The First And Second In Flight — Two Black Women Make Coast Guard History
The U.S. Coast Guard currently has more than 800 pilots. They perform crucial search and rescue missions, often in adverse weather situations.
For 215 years, not a single one of them was a Black woman.
That was, until Jeanine Menze joined in 2005, becoming the first.
Cmdr. Jeanine Menze, stationed at Air Station Barbers Point, Oahu, Hawaii in 2006. USCG photo by PA2 Jennifer Johnson.
Two years later, she met La’Shanda Holmes and introduced her to the world of flight. La’Shanda would then go on to earn her own wings, becoming the second.
Lashanda Holmes at Air Station Los Angeles. U.S, in 2010. Coast Guard photograph by Petty Officer 1st Class Adam Eggers.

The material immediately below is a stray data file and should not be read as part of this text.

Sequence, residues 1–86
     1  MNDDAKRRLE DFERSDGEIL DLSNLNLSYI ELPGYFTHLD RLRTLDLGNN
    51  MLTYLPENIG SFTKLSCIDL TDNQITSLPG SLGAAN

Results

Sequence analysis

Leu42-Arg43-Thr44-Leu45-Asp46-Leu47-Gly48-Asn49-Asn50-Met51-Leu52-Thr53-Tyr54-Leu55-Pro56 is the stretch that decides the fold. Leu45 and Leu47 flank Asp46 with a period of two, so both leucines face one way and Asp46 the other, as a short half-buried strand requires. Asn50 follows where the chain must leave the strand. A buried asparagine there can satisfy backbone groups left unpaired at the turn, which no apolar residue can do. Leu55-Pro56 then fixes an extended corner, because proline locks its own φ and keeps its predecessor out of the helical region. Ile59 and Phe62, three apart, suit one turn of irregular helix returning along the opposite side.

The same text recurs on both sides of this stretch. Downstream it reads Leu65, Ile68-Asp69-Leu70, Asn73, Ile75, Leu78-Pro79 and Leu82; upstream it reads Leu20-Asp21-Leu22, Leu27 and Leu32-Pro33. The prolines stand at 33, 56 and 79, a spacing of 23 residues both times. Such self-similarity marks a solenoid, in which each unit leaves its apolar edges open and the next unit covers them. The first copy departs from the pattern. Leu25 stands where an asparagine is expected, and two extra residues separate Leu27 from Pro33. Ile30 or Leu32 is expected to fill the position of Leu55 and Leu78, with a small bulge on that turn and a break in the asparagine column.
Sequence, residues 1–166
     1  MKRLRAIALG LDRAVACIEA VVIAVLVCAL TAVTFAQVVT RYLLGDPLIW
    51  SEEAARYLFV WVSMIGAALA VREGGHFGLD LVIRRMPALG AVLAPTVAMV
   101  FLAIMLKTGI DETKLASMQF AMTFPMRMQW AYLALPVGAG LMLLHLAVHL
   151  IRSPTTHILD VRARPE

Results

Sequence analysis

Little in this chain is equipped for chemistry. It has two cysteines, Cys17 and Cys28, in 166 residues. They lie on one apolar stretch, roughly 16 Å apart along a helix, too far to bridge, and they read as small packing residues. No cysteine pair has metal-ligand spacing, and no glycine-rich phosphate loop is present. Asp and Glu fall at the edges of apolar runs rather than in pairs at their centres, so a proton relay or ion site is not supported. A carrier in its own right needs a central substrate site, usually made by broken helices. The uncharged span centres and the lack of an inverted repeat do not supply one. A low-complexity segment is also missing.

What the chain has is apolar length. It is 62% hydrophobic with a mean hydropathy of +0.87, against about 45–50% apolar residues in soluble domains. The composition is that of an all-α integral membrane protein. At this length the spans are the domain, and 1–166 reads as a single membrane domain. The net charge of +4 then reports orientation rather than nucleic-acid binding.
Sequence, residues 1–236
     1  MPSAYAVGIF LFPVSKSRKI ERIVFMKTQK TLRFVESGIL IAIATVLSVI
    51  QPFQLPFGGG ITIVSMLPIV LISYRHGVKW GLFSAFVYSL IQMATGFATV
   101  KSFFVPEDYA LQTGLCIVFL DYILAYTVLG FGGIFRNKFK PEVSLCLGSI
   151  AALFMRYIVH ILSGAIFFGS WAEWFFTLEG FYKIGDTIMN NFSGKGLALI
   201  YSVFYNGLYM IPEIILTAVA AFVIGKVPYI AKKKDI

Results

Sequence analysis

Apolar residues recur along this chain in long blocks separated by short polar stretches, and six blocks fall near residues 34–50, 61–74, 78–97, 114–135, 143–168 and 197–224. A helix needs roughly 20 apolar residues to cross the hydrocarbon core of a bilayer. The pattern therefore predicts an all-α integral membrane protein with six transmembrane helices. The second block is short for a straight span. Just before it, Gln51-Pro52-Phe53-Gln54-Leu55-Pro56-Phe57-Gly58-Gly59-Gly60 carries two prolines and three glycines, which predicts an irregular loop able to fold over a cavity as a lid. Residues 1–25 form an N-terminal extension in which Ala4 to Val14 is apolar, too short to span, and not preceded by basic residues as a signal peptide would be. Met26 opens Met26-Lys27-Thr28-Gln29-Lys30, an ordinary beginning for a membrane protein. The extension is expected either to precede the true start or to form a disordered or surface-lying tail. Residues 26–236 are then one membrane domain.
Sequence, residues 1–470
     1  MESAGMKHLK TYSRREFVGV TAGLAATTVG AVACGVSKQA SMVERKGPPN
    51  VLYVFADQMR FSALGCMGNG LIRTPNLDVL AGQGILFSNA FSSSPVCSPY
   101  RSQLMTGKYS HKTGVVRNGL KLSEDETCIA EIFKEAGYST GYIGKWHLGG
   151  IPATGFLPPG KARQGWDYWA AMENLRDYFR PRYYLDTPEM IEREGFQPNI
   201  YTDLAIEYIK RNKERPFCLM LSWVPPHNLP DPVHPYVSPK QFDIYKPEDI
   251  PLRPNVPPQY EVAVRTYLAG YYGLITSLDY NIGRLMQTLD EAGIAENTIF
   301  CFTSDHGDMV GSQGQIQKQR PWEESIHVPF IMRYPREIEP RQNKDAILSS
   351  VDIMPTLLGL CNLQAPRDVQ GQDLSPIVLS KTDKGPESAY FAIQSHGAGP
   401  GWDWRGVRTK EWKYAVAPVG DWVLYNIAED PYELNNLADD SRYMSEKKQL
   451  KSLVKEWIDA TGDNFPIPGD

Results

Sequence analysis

Lieutenant Commander La’Shanda Holmes and Commander Jeanine Menze came to StoryCorps to remember that time, and reflect on the impact they’ve made in each other’s lives.
By 2014 there were five Black women pilots in the Coast Guard, nicknamed “The Fab Five”. Since then, that number has gone up, adding a sixth…with more waiting in the wings…
From left to right are Cmdr. Jeanine Menze, MH-65 helicopter pilot Lt. Cmdr. LaShanda Holmes, HC-144 fixed wing pilot Lt. Angel Hughes, MH-60 helicopter pilot Lt. Chanel Lee, HC-144 fixed wing pilot Lt. Ronaqua Russell. 2019. Photo by Lt.Cmdr. Ryan P Kelley.
Originally aired October 2, 2021 on NPR’s Weekend Edition.